If it’s a nice day, you might prefer to sit outside.

Taste Pilots’ Grill at Disney’s California Adventure

Photo by Tony “WisebearAZ” Moore, 2002

Outside seating

Taste Pilots’ Grill at Disney’s California Adventure

Photo by Chris Bales, 2015

Space Shuttle nozzle

There aren’t as many artifacts out here as inside, but there’s one that’s quite impressive—a main engine nozzle for the Space Shuttle. A sign provides information:

“This nozzle provides the propulsion needed to boost Shuttles into orbit. Each Space Shuttle has three of these engines. Together the engines deliver the equivalent of 37 million horsepower (a typical automobile engine provides less than 200 horsepower). Space Shuttle Main Engine Nozzle Manufactured by Pratt & Whitney Rocketdyne Inc.”

Who says theme parks are not museums?

Taste Pilots’ Grill at Disney’s California Adventure

Photo by Allen Huffman, 2002

More outside seating

If eating burgers and other fast foods in an industrial setting makes you feel like a test pilot, then this is the restaurant for you.


Taste Pilots’ Grill at Condor Flats was an opening day restaurant at Disney’s California Adventure in February 2001.

Condor Flats had trouble conveying the theme of a “a high-desert airfield dedicated to the wonder and ingenuity that helped spawn California’s legendary aviation industry.” Originally a sub-land of the park’s Golden State land, the “runway” was squeezed between Grizzly Peak, Disney’s Grand California Hotel, and the tall show building of Soarin’ Over California (a part of Condor Flats). It felt more like a narrow mountain valley than an open desert.

As the trees grew, the desert theme became even less convincing. The opening of Cars Land in June 2012 gave the park a spectacular desert land.

The Bell X-1 on the restaurant’s exterior was an odd feature. As a decoration “bolted” onto the façade, it did nothing to add authenticity to Condor Flats. It was not something you would see at a real airfield.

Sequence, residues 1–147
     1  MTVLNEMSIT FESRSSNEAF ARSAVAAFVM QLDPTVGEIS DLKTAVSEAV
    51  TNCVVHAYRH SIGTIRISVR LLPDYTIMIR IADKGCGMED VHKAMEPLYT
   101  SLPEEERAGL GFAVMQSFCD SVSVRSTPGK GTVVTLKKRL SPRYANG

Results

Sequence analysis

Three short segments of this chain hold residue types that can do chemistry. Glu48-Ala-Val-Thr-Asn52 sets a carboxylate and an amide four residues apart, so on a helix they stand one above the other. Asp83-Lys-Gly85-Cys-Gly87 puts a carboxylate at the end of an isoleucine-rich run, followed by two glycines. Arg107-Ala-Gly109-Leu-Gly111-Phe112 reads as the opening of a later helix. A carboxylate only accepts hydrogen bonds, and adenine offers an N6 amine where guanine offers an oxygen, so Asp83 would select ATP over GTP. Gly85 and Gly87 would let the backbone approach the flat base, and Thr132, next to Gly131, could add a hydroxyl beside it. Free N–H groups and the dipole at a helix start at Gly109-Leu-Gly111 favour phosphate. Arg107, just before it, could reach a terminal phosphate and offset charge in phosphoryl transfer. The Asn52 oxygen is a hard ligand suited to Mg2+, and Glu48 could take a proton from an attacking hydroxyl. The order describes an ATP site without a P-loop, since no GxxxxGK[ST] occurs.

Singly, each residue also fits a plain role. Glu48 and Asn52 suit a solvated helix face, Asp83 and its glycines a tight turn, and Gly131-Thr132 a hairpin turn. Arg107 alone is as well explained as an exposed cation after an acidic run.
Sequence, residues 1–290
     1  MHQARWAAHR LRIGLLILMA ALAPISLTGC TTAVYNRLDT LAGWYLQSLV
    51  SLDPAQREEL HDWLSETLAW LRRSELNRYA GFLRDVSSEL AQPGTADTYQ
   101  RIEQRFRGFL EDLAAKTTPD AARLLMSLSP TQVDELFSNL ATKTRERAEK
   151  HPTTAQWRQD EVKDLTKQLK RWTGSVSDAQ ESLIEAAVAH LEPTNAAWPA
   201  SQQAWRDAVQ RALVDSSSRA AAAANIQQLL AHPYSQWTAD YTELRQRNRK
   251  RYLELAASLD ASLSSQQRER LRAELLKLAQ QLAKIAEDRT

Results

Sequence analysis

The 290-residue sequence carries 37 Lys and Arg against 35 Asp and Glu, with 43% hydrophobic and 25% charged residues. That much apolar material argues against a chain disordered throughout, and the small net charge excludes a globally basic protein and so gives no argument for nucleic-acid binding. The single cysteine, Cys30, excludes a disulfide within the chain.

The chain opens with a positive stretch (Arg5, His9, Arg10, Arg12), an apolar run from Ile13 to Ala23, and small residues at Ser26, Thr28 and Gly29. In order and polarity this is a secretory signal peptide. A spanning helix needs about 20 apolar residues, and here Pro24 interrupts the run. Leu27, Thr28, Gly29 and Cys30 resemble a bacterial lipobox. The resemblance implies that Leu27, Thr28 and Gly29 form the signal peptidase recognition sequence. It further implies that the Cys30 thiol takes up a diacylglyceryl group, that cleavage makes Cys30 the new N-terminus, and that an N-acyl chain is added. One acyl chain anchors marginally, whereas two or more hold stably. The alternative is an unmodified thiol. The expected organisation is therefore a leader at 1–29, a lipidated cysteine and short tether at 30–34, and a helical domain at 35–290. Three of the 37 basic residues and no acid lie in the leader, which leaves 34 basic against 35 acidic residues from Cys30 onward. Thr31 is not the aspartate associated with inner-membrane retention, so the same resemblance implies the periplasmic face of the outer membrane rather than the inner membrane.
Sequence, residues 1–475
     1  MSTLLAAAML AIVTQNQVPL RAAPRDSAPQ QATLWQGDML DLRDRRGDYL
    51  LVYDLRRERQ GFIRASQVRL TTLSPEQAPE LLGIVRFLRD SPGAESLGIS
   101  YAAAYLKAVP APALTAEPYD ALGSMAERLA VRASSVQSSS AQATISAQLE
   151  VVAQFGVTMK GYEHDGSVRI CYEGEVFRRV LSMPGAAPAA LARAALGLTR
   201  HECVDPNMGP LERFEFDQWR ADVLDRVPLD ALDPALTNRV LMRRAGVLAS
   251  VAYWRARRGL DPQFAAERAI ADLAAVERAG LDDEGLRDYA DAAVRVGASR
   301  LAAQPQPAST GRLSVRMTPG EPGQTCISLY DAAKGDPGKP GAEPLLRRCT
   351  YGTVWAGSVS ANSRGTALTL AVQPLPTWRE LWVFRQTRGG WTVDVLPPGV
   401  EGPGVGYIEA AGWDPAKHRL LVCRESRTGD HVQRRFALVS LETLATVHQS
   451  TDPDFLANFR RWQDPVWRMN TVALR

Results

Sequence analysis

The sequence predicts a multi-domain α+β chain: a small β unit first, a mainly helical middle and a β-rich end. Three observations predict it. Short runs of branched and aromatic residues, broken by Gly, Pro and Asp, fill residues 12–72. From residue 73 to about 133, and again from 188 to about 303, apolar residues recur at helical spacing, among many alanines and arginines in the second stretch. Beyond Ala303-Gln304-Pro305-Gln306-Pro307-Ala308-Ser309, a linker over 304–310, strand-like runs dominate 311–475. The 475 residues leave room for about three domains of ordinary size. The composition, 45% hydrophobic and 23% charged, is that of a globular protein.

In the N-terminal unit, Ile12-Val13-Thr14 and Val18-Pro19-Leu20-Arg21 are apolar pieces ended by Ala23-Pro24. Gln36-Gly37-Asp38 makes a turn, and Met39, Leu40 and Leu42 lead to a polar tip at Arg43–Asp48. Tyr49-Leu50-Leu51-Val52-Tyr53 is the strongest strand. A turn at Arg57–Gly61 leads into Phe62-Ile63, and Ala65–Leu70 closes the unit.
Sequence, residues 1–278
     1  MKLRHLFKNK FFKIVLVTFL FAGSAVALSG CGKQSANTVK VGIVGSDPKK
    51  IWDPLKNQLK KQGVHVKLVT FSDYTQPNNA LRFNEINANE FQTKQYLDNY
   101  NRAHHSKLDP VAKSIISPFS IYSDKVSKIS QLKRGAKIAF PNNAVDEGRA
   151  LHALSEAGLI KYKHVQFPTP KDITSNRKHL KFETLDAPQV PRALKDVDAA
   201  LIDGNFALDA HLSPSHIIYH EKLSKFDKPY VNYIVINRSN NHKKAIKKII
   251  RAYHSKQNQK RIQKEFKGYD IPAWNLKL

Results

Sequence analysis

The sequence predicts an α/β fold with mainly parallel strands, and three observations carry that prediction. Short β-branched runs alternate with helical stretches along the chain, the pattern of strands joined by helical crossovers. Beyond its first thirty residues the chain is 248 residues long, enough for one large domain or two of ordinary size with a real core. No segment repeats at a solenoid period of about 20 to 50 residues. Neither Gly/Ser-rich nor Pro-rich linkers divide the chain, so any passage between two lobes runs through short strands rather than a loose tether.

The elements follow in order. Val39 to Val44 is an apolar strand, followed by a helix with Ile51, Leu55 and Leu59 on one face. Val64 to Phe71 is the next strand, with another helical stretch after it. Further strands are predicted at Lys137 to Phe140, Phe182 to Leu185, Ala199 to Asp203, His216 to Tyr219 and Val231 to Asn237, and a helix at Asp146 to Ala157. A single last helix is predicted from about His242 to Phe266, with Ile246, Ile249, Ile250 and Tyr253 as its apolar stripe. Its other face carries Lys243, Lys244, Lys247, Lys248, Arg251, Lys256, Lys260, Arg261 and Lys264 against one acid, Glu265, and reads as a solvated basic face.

Taste Pilots’ Grill at Disney’s California Adventure

Photo by Chris Bales, 2012

Façade update in progress

Taste Pilots’ Grill at Disney’s California Adventure

Photo by Werner Weiss, 2013

Façade without Bell X-1

Taste Pilots’ Grill remained relatively unchanged until the fall of 2012. That’s when the Bell X-1 and the comic book explosion disappeared. More substantial changes to Condor Flats would have to wait for a budget.

Taste Pilots’ Grill at Disney’s California Adventure

Photo by Chris Bales, 2015

Smokejumpers Grill

Finally, in 2015, Condor Flats would be merged into Grizzly Peak. Smart! But instead of erasing the airfield theme entirely, it would be a hybrid, becoming the Grizzly Peak Airfield section of Grizzly Peak. That way, the existing structures could be reused with only cosmetic changes—paint colors, siding, signage, architectural details, exterior and interior decor, and place names. Tall evergreen trees and other mountain landscaping complete the new look.

Taste Pilots’ Grill closed January 7, 2015 and reopened March 20, 2015 as Smokejumpers Grill. The rest of Grizzly Peak Airfield opened less than two months later. Thanks to talented Imagineers, the theming is a dramatic improvement.

Taste Pilots’ Grill at Disney’s California Adventure

Photo by Chris Bales, 2015

Distinct resemblance to Taste Pilots’ Grill

Taste Pilots’ Grill at Disney’s California Adventure

Photo by Chris Bales, 2015

New decorations, but similar ambiance

The restaurant’s new theme replaces one group of daring individuals (test pilots) with another: smokejumpers—airborne firefighters who parachute into remote areas threatened by wildfires!


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Updated July 24, 2015.